Uganda Government and Buganda Kingdom at loggerheads

The arrest of three Buganda Kingdom officials; Charles Peter Mayiga Minister of Information, Medard Lubega Ssegona State Minister for information and Betty Nambooze Bakireke Civic Education Central Committee chairperson, right, on 18th July 2008 has hastened the crack in the bond between the Buganda Kingdom and the State. The arrests are seen as a direct attack on the Kingdom from the State and a ploy by the latter to sabotage the Kingdom’s strategy to get power. (24–JULY-08)
 

The arrest of three Buganda Kingdom officials; Charles Peter Mayiga Minister of Information, Medard Lubega Ssegona State Minister for information and Betty Nambooze Bakireke Civic Education Central Committee chairperson, right, on 18th July 2008 has hastened the crack in the bond between the Buganda Kingdom and the State. The arrests are seen as a direct attack on the Kingdom from the State and a ploy by the latter to sabotage the Kingdom’s strategy to get power. (24–JULY-08)

Written by Maureen Mboizi, HRH, Kampala

Nambooze after her temporary release. July 08. Photo Joseph Mugisa.jpgWhile the Land Bill is the reason behind the latest stand off between Buganda and the Central Government, old grievances have been simmering: Buganda’s long standing demand for a federal status; power to control some 9000sq miles of land; and the status of Kampala city which the central government says is not part of Buganda, are equally contentious matters. Left: A weak Nambooze after her temporary release on Thursday. Photo: Joseph Mugisa.

The arrests did not come as a surprise
On Dec 18, 2007, the President said that the group at Mengo, Buganda Kingdom, was in breach of the Constitution by so causing disaffection against the ruling NRM in his letter to the Kabaka, King of the Buganda Kingdom. The arrests have been likened to the 1966 crisis when Prime Minister Milton Obote instructed the army commanded by Idi Amin to invade Sir Kabaka Mutesa II’s palace at Lubiri, following allegations that Buganda was amassing guns to fight the Central government.

The three Buganda officials are faced with terrorism charges, sedition, promoting sectarianism and inciting violence and have so much in common, among which that they are all from Buganda, and run programmes on CBS, a Kingdom radio station where they take the lead role campaigning against the controversial Land Act (Amendment) Bill 2007. President Museveni says the Bill intends to stop massive land evictions, but Buganda’s stand is that it is unnecessary and might actually lead to the grabbing of the Kabaka’s land.

Surprisingly, the officials were arrested on the day Buganda held her first ever local conference at Hotel Africana to discuss challenges facing the kingdom. During this conference, a resolution on seeking state power was tactfully adopted by a round of applause. However, it’s with dismay that news comes in of a number of other Buganda officials on the wanted list who could be arrested any time. The reason for their arrest is none other than being promoters of the Kingdom speaking out on issue of concern to the people of Buganda. This act by the State makes them prisoners of conscience; detained because of their unwavering promotion of the culture, cultural institutions, language and traditions of Buganda. The arrest of two Buganda ministers and a civic education committee official is an indication that President Museveni is now playing his last card – confronting a defiant mengo.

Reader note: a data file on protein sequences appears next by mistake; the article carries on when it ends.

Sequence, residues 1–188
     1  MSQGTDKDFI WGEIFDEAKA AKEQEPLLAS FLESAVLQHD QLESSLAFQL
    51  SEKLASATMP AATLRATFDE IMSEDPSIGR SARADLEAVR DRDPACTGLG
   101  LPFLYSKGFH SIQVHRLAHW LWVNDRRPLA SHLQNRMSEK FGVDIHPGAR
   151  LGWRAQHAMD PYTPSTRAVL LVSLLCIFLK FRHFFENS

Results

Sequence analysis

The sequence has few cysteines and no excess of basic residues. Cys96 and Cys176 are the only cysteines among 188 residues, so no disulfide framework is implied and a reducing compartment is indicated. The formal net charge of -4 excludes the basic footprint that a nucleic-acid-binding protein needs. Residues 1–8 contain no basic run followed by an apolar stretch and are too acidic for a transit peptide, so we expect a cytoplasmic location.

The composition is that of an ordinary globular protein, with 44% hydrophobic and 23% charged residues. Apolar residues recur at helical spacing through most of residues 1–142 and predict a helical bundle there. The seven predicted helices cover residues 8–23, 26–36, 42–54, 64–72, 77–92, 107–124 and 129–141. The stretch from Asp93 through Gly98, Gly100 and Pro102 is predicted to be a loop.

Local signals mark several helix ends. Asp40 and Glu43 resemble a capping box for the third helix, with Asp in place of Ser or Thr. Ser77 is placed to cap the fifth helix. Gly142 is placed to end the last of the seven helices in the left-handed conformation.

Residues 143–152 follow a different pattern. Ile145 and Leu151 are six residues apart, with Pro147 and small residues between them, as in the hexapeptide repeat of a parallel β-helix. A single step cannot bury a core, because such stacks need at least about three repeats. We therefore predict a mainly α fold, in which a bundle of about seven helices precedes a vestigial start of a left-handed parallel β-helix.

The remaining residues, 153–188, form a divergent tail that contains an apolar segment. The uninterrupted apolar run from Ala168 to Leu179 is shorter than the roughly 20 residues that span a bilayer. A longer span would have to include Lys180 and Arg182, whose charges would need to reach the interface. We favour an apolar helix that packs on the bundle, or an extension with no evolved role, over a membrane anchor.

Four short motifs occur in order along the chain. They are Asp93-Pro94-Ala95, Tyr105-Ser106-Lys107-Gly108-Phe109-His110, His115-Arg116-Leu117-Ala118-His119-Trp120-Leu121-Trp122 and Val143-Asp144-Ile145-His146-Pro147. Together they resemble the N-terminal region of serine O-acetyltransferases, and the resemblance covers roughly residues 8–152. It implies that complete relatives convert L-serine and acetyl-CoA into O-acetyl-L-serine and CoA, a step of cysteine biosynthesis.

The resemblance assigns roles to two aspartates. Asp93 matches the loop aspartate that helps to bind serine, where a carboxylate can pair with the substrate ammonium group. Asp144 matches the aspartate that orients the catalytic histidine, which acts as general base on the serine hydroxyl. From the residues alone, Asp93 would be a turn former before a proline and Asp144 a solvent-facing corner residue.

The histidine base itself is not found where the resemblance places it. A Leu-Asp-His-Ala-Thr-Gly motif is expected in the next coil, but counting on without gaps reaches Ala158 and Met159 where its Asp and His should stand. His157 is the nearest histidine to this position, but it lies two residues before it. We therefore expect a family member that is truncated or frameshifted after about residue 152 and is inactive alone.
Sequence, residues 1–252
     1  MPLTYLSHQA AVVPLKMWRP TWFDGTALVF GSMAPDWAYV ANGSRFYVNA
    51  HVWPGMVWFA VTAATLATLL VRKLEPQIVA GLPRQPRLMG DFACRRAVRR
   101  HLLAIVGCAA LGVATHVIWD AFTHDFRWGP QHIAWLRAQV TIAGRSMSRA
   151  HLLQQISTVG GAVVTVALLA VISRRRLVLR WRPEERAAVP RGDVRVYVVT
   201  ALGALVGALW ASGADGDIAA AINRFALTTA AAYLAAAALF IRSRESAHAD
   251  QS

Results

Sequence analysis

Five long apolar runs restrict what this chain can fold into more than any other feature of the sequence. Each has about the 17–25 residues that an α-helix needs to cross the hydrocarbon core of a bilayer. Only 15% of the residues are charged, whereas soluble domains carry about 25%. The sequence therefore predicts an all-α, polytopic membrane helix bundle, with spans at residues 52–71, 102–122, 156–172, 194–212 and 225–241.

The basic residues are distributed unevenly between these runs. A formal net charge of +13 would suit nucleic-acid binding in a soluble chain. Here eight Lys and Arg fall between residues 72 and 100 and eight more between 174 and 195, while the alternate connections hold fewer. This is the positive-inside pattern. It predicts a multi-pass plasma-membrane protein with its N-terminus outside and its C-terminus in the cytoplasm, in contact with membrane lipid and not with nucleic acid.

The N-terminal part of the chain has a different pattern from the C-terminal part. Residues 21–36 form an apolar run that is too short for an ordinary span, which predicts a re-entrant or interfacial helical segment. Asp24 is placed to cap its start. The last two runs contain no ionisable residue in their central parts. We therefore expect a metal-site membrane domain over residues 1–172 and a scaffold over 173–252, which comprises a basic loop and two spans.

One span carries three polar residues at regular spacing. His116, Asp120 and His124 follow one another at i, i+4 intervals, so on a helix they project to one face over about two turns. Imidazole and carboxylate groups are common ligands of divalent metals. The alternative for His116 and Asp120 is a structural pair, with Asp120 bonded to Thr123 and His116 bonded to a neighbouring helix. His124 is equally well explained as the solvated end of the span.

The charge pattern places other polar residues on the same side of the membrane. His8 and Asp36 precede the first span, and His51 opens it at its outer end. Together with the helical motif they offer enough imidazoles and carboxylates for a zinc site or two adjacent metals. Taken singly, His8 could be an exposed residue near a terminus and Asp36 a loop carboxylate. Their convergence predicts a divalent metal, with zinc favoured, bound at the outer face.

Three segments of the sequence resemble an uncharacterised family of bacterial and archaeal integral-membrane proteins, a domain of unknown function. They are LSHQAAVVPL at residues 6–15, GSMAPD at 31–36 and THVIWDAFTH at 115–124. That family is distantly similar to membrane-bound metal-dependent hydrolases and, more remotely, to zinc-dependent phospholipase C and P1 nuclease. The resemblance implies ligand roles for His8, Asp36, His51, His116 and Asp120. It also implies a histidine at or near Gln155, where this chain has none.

Judicial system under threat
With suspects being held for over 48 hours without charge, their Lawyers filed a case in the Grade One Magistrate Court at Buganda Road court in Kampala who ordered for their immediate release. Two minutes is how long the three detained suspects were allowed out of custody at Kyenjojo Police Station before they were re-arrested and whisked off to detention in an undisclosed location. This was done a day after the Grade one Magistrate ruling.

The Uganda Government has developed a trend of attacking those who are not in agreement with its opinions and ideas. Not so long ago, suspects of the People’s Redemption Army, according to Ugandan authorities a guerrilla group in the making in western parts of the country, were treated in the same manner as the Buganda officials. They were arrested in Kampala, and when the High Court granted them bail, the high Court was raided by heavily armed men in the army fatigue who had them whisked away to an undisclosed location. This trend shows how the State is disrespectful of the Laws governing the Country and the judicial system especially when dealing with people of the public who are not in support of their agenda. The suspects have continued to be held in communicado, and are not allowed to have access to their lawyers, families and friends.

Civil Society Organisations pressure Government
The Uganda Human Rights Commission, the Uganda Law Society and HURINET-U have all held press conferences calling on the State to respect the rights of the three suspects. Civil society have also called on the State to respect the law in relation to 48 hours within which a suspect should be brought before a competent Court of Law; allow suspects to have access to their Lawyers as provided in Article 23(5) b; charge suspects when there is evidence of crime committed or release them where there is no sufficient evidence; allow suspects to have access to their families and friends; refrain from any acts that may tantamount to torture; give medicinal attention to suspects; and protect, promote and respect human rights as provided in the national, regional and international human rights instruments to which Uganda is a signatory.

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